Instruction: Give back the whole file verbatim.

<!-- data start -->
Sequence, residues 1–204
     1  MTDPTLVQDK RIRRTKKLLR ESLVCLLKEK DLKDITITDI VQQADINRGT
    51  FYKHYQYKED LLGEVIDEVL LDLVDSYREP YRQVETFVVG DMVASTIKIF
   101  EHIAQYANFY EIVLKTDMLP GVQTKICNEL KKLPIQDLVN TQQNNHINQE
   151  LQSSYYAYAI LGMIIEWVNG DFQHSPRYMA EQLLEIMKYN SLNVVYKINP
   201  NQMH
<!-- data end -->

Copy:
Sequence, residues 1–204
     1  MTDPTLVQDK RIRRTKKLLR ESLVCLLKEK DLKDITITDI VQQADINRGT
    51  FYKHYQYKED LLGEVIDEVL LDLVDSYREP YRQVETFVVG DMVASTIKIF
   101  EHIAQYANFY EIVLKTDMLP GVQTKICNEL KKLPIQDLVN TQQNNHINQE
   151  LQSSYYAYAI LGMIIEWVNG DFQHSPRYMA EQLLEIMKYN SLNVVYKINP
   201  NQMH